Most people go to therapy to deal with their daddy issues or to improve a troubled relationship. In the movie No Reservations, Kate, the main character and head chef at a trendy New York restaurant, goes to therapy so she can discuss her philosophy on the proper preparation of quails or try out a sexy new scallop recipe on a captive audience of one. She doesn't want to sleep with her shrink - he's played by the quirky Bob Balaban, after all - she just wants to cook for him. And she goes to see him because her boss, Paula, has threatened to fire her if she doesn't. Why? Her tendency to march into the dining room and harangue any customer who dares complain about the food.
This summer, moviegoers have been fed a thin but steady stream of films that go for the heartstrings via the stomach: Waitress, Ratatouille and now No Reservations, a remake of the 2001 German movie called Mostly Martha. The mere fact that an American studio saw fit to rework a small German film just five years after its release is a testament to the public's growing appetite for foodie flicks.
Once relegated to art-house status, movies such as Big Night, Babette's Feast and Eat, Drink, Man, Woman - and Mostly Martha - explore the transformative power of food. That message must have been considered too high-brow for anyone other than Gourmet subscribers. Nowadays, though, as regular Joes tune in to Bravo's "Top Chef" and brag about their Viking ranges, a rom com with a side of steak has mass appeal. Hence a remake of Mostly Martha, complete with swooping "food porn" shots and a couple of sexy actors in the lead roles.
Unfortunately, the Hollywood remake doesn't go down as well as the original.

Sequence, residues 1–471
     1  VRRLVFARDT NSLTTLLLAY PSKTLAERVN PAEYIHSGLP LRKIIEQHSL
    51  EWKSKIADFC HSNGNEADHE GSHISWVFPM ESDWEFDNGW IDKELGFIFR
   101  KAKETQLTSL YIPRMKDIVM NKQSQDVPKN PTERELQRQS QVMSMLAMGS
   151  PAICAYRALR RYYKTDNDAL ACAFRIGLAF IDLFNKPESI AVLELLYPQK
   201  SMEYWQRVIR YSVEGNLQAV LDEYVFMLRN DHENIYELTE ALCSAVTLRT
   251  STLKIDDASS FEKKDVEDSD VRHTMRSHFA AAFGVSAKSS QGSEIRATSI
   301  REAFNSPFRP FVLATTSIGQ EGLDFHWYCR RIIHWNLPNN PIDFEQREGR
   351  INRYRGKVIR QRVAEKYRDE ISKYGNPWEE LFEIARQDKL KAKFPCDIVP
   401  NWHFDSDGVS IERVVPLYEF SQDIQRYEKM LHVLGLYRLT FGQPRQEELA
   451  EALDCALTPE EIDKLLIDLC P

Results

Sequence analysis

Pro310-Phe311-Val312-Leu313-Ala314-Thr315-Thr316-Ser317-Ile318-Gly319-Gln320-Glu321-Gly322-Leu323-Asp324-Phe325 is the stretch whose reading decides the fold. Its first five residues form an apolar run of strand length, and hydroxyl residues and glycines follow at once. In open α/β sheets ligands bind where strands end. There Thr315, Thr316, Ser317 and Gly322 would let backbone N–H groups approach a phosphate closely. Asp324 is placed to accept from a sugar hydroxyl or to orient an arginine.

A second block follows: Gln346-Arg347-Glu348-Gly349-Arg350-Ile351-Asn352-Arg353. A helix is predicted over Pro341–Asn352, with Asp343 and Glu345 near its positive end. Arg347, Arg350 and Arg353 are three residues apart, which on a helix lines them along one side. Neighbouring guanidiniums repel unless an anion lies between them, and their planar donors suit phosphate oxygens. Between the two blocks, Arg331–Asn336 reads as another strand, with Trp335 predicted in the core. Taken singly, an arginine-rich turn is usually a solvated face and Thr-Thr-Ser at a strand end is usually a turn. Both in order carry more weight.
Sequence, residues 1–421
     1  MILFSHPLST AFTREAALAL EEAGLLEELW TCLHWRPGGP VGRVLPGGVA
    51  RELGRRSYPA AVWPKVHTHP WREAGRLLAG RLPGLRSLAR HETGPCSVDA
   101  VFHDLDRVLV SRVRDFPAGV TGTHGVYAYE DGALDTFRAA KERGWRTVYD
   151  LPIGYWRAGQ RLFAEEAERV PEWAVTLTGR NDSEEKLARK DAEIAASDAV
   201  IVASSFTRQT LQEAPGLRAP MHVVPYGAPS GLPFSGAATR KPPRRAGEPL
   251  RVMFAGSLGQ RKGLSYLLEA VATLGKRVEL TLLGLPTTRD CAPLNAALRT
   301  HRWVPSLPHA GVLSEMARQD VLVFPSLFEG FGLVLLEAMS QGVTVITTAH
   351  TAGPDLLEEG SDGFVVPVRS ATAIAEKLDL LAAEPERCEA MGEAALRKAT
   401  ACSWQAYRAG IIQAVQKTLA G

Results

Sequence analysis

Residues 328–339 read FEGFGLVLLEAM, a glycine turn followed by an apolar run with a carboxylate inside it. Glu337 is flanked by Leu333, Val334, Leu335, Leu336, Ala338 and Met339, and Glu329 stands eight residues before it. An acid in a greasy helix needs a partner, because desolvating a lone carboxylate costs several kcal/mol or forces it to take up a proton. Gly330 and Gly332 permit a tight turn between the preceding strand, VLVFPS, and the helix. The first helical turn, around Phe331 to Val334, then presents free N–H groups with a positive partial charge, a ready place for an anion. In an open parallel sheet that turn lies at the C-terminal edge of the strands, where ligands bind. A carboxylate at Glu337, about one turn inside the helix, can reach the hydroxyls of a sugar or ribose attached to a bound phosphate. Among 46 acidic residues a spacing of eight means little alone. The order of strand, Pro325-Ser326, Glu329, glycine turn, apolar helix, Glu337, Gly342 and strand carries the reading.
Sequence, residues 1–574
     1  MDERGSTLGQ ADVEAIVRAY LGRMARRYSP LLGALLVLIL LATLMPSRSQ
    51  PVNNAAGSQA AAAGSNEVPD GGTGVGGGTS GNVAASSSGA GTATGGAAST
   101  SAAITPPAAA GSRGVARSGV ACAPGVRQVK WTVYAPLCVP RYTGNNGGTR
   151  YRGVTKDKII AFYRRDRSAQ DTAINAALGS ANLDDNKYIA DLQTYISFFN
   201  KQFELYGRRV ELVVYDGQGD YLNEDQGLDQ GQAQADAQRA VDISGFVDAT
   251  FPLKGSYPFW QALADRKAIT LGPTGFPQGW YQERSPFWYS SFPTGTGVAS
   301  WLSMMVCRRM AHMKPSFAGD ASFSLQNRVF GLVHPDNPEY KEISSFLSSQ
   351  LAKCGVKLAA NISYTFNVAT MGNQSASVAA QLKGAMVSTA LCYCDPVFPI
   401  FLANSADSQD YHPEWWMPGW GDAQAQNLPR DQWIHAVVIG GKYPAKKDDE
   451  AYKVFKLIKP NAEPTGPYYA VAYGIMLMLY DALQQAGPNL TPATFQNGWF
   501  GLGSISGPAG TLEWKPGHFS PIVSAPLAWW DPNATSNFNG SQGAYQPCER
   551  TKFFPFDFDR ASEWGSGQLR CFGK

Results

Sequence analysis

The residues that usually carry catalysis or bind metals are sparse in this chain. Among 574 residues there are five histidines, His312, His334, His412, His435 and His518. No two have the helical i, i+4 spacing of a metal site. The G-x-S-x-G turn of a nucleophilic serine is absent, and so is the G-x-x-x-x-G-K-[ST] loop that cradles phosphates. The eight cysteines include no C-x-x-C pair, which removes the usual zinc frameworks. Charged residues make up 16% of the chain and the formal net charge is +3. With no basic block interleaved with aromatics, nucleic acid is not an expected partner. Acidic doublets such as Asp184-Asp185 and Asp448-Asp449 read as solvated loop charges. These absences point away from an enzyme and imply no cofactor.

In No Reservations, Kate (Catherine Zeta-Jones) is a perfectionist and a control freak. Because people can't be managed and manipulated like stuffed lobsters, she's cut herself off from them. Kate hasn't been in a romantic relationship for years, she confesses. During "family meal" - when a restaurant's staff comes together to eat before customers arrive for dinner - she does the New York Times crossword puzzle rather than gossip and laugh with her co-workers. Night after night, she arrives home to a poignantly empty answering machine. Nowadays, people in Kate's income bracket are far more likely to opt for voicemail or cellphones, but as with much else in the film, the lonely "beep . . . you have no new messages" is used for effect.
Kate's solitary existence is soon interrupted by the untimely death of her sister, which leaves her responsible for her 8-year-old niece, Zoe (Abigail Breslin of Little Miss Sunshine). She needs time off to care for her new charge, and restaurant-owner Paula, portrayed by the convincing Patricia Clarkson, hires a wacky new chef to take up the slack. Needless to say, Kate struggles with her new role as parental unit and resists the kitchen encroachment. Meanwhile, though, she begins to fall for the relaxed, croc-wearing sous-chef, Nick (Aaron Eckhart).
Breslin's Zoe is adorable, whether her big blue eyes are filling with tears or she's saying just the right thing. "You're trying too hard," she explains helpfully to Kate. And "You're not doing everything wrong," when Kate briefly despairs of juggling the demands of working motherhood. The character is saccharine, when she should be bracingly sweet.
The original German film, Mostly Martha, is more complex and understated. In both versions, though, almost all of the character growth takes place over food. Unsure how to bond with her niece, Kate/Martha gives her the form of nurturance she understands best - which, in the American film, includes a fish with its head still on. No wonder the kid scarfs down a bowl of Nick's pasta on her first visit to the restaurant's kitchen.